This is a preview. To continue reading please Log in or Register to Read This Article

Workers' Compensation: Illinois

Workers' Compensation requirements for other states

Federal law and guidance on this subject should be reviewed together with this section.

Author: Nicole H. Farley, Fisher Phillips.


  • All Illinois employers that are covered by the Workers' Compensation Act are required to post the Illinois Workers' Compensation Notice in the workplace. See Notice Requirements.
  • Workers' compensation is mandatory, employer-financed, no-fault insurance which ensures that employees disabled due to work-related injuries or diseases will be compensated for lost wages. Workers' compensation benefits also provide for necessary medical treatment to assist employees in returning to the workforce. See Covered Employers.
  • Illinois employers are required to obtain workers' compensation coverage and can obtain such coverage through private insurance or self-insurance. No coverage options are available through the state. See Covered Employers.
  • Most all employees are covered under Illinois workers' compensation law, with few exceptions, including independent contractors. See Covered Employees.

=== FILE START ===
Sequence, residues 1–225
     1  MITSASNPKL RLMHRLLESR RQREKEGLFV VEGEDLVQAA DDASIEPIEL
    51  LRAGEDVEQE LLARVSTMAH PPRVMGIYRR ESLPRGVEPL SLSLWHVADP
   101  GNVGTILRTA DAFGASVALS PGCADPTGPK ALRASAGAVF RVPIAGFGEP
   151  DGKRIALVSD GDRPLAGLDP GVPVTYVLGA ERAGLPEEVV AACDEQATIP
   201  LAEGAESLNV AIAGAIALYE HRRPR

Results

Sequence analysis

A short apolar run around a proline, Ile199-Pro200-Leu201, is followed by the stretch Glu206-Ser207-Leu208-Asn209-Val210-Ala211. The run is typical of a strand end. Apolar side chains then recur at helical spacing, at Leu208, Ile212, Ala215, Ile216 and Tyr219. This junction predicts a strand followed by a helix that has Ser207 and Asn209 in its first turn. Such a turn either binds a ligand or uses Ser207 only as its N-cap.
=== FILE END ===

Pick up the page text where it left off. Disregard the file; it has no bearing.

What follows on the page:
• Injuries and occupational illnesses arising from and in the course of employment are compensable. See Compensable Injuries.
  • Employers may not be liable for certain injuries under specific situations. See Employer Defenses to Workers' Compensation Claims.
  • Workers' compensation pays for all reasonable medical treatment of employees who are injured on the job. See Medical Benefits.
  • Workers' compensation also provides pay in the form of wage replacement or other disability awards. See Other Benefits.
  • Injured employees must notify their employer with 45 days of an accident. Any delay in the notification can delay the payment of benefits. See Claims Procedures.
  • The law prohibits employers from terminating, punishing, or in any other way retaliating against an employee for filing or pursing a workers' compensation claim. See Retaliation and Interference.
  • Illinois law provides for a claims dispute procedure. See Administrative Hearings and Court Proceedings.